“Governments across the world diverted resources toward the pandemic, ofen at the expense of anti-trafficking efforts,” it said.

“At the same time, human traffickers quickly adapted to capitalise on the vulnerabilities exposed and exacerbated by the pandemic,” the report added.

Six countries were downgraded from Tier 1 – the highest ranking – to Tier 2: Cyprus, Israel, New Zealand, Norway, Portugal and Switzerland.

Tier 2 countries do not “fully meet” the TVPA’s minimum standards “but are making significant efforts to bring themselves into compliance.”

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Two nations – Guinea-Bissau and Malaysia – were added to the Tier 3 list of worst offenders, a list that already included Afghanistan, Algeria, China, the Comoros, Cuba, Eritrea, Iran, Myanmar, Nicaragua, North Korea, Russia, South Sudan, Syria, Turkmenistan and Venezuela.

The governments of 11 of those Tier 3 nations were found to have a “policy or pattern” of state-sponsored human trafficking in government-funded programs.

Four countries – Belarus, Burundi, Lesotho and Papua New Guinea – were removed from Tier 3 and placed on the Tier 2 watch list alongside Ireland. 

Releasing the annual report, US Secretary of State Antony Blinken said nearly 25 million people worldwide are estimated to be victims of human trafficking.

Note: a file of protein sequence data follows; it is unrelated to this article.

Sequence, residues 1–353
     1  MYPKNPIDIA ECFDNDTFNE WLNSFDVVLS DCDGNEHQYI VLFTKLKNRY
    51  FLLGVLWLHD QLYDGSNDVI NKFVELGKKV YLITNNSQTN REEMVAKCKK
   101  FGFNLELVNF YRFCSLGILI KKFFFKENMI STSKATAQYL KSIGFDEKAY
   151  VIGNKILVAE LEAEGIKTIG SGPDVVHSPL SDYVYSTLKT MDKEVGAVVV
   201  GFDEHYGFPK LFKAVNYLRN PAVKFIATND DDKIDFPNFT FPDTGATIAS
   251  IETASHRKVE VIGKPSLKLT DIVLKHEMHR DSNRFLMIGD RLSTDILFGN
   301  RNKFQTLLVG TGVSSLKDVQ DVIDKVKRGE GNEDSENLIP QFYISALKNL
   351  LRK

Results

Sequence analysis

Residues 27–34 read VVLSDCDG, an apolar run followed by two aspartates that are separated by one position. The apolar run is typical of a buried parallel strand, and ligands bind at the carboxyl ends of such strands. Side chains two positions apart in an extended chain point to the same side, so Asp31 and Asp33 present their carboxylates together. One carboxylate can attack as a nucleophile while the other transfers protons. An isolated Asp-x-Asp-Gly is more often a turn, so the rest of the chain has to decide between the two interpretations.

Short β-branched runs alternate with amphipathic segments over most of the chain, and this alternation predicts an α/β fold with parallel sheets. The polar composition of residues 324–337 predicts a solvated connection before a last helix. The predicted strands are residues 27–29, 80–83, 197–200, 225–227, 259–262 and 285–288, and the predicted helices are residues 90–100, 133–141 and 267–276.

“Many are compelled into commercial sex work,” Blinken said. “Many are forced to work in factories or fields or to join armed groups. “It’s a global crisis,” he said.

“It’s an enormous source of human suffering.

“Governments should protect and serve their citizens, not terrorize and subjugate them for profit.”

The United States may restrict foreign assistance to Tier 3 nations subject to presidential approval. Turkey, a NATO member, was cited for violations of the Child Soldiers Prevention Act for the use of child soldiers by Turkish-backed groups in Syria and Libya.

“The United States hopes to work with Turkey to encourage all groups involved in the Syrian and Libyan conflicts not to use child soldiers,” a senior State Department official said.

- Additional reporting from AFP

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Adam Daly